In Louisiana, USA it's widely understood (unofficially) that one can travel 5mph above the speed limit without receiving a speeding ticket.

Does this rule apply when traveling the rest of the States?

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    See: travel.stackexchange.com/a/36573/1893 Dec 22, 2014 at 2:21
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    I remember being taught in drivers ed in Ohio that you'd generally be fine a 5 over but to remember that your speedo was +/- 3. You could be doing 8 over and was it really worth a $150 ticket? That was 15 years ago. As a mature adult I've decided no its not worth $150 for 8 over, so I make sure I'm doing at least 10 over and getting the most for my money!
    – Freiheit
    Dec 22, 2014 at 18:09
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    @Bakuriu Suppose the blue line is the car's path. The GPS only measures the position from time to time, so it really sees the red line. The red line is shorter than the blue line, so GPS measures lower speed. Spehro: less distance in same time = lower speed.
    – Szabolcs
    Dec 22, 2014 at 18:21
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    Of course the GPS could be smart and do a higher-order interpolation between the points, which would reduce this effect. The speedometer could also show a higher-than-true speed. I'm not claiming these are not so. I don't know.
    – Szabolcs
    Dec 22, 2014 at 18:36
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    @SpehroPefhany Less distance in the same time is a lower speed
    – Izkata
    Dec 22, 2014 at 19:47

11 Answers 11


Getting stopped for going only 5 MPH over is unlikely anywhere in the US. Of course it can still happen if something else is suspicious, e.g. very dark tinted windows (which may also be illegal), a very unusual looking vehicle, etc.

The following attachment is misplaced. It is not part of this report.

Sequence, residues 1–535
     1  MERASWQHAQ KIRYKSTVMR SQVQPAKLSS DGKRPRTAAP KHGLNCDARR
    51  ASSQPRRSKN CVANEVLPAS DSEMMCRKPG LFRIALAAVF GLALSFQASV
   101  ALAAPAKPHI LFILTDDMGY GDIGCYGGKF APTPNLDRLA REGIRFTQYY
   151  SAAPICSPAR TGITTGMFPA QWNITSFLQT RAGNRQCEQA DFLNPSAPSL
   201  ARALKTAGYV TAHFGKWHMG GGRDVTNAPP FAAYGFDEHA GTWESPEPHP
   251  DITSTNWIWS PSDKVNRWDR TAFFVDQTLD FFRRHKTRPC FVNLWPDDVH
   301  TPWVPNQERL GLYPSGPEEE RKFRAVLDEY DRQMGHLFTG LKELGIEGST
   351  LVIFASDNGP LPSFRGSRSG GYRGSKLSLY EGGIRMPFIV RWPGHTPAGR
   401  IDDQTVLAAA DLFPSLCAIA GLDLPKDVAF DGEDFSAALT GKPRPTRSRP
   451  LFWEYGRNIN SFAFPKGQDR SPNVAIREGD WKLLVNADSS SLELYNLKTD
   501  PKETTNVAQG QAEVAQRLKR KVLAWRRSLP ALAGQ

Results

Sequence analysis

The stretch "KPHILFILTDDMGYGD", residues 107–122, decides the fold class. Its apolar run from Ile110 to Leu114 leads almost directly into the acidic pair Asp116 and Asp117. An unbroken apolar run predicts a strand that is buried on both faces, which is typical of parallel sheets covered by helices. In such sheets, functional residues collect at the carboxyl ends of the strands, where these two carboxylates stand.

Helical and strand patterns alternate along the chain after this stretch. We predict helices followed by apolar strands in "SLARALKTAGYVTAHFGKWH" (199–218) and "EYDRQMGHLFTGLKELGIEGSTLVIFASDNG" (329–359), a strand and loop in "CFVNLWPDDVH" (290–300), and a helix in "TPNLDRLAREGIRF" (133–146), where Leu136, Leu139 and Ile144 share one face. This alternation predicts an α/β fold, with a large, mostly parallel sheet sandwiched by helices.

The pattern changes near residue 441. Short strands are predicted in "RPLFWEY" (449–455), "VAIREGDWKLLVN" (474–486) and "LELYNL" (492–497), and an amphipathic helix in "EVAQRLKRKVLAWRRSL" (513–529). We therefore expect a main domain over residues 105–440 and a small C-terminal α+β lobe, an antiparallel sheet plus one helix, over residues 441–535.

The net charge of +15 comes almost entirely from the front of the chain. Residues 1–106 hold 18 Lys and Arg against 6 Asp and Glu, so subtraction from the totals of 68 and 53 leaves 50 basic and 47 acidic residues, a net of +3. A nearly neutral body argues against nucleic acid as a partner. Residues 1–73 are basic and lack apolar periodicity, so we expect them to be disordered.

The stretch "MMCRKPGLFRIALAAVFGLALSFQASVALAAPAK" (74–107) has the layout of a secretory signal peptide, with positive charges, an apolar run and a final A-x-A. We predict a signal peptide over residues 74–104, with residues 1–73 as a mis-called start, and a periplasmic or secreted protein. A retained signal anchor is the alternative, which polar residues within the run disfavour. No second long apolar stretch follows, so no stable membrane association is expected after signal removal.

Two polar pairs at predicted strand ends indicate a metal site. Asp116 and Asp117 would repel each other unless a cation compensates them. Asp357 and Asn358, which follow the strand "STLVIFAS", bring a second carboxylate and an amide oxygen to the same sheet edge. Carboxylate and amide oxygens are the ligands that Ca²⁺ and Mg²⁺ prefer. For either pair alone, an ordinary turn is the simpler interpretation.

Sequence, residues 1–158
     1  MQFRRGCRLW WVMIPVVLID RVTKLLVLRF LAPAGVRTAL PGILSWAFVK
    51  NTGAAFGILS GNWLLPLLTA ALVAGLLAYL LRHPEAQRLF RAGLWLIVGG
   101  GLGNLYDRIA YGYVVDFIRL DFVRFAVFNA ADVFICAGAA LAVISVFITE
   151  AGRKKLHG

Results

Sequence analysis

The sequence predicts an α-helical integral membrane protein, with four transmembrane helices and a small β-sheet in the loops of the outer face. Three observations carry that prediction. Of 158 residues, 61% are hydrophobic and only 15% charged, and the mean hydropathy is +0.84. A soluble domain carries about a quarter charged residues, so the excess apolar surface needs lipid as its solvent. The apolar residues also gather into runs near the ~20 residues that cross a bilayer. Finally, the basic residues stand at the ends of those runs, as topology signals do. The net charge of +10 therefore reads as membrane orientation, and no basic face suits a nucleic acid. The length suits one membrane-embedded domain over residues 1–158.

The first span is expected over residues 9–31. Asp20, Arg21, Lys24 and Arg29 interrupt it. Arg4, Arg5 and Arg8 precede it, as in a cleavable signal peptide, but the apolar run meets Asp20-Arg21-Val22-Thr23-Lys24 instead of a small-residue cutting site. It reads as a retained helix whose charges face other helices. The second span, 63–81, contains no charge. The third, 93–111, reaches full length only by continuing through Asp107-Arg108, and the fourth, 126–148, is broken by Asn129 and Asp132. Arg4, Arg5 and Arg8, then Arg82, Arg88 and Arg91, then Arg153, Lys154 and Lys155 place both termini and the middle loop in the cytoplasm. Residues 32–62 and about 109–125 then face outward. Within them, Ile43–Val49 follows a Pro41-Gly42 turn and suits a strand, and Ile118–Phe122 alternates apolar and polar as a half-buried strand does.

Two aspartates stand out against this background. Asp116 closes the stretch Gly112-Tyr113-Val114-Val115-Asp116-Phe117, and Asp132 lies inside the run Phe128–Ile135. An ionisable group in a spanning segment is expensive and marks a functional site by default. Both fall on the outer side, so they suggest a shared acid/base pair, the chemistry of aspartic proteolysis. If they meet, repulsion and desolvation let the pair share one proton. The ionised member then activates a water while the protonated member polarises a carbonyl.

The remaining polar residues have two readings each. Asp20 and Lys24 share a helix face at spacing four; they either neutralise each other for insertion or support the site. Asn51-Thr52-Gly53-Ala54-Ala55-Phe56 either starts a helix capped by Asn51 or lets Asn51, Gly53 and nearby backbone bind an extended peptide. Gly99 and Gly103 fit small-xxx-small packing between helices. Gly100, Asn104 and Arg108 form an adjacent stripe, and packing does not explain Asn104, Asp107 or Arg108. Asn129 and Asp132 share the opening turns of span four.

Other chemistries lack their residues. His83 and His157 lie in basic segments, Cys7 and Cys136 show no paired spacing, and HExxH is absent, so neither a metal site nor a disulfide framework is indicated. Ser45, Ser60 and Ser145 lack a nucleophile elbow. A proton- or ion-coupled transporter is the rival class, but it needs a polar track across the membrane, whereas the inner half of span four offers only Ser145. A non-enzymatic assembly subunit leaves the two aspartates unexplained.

5 MPH over could be a discrepancy in measurement equipment, and officers do not want to go to court to explain when and how their radar gun was calibrated, etc. If they see you doing 20 over and write you a ticket for 10 or 15, it's less hassle for them. This cuts both ways: if your speedometer is slightly miscalibrated (entirely possible), you might be doing 10 over when you think you're doing 5 over.

But there is no such "rule" that lets you drive over the limit. If you believe the speed limit is too low, it is incumbent upon you as a member of a democracy to try to get the limit increased.

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    A speedometer is allowed to read slightly high, but it's illegal for it to read low. So the tolerances are set that most people are driving slightly slower than they think they are.
    – hobbs
    Dec 22, 2014 at 19:12
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    Anecdotal, a friend got pulled over for 56 in a 55 years ago in Ohio. I suspect that he looked suspicious in some manner as that's otherwise unheard of... Dec 22, 2014 at 21:04
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    Cops sometimes use traffic offenses as an excuse to pull over a car if they want to check it out (drivers license, warrants, maybe see if they smell drugs, that sort of thing). If you're pulled over for going a tiny bit over the limit, that's probably what's going on -- they wanted to pull you over anyway, the speeding is just an excuse.
    – cpast
    Dec 22, 2014 at 22:17
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    I've been personally ticketed for 73 in a 70. It's not common, but it happens. :( Dec 23, 2014 at 2:05
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    @hobbs: That's interesting, I didn't know. However, a slightly under-reading speedometer is unlikely to correct its behavior in accordance with the law. One way it happens is when a car is outfitted with slightly larger tires than it originally had. For example, replacing 205/16 R55 tires with R60 ones (just one size taller) means you'll be going 65 when your speedometer says 60. Dec 23, 2014 at 2:16

In New York you definitely MAY be pulled over for exceeding the speed limit at all. In other words, if a cop wants to pull you over (to fulfill a ticket quota etc) he can use the fact that you exceeded the speed limit by 1 mph.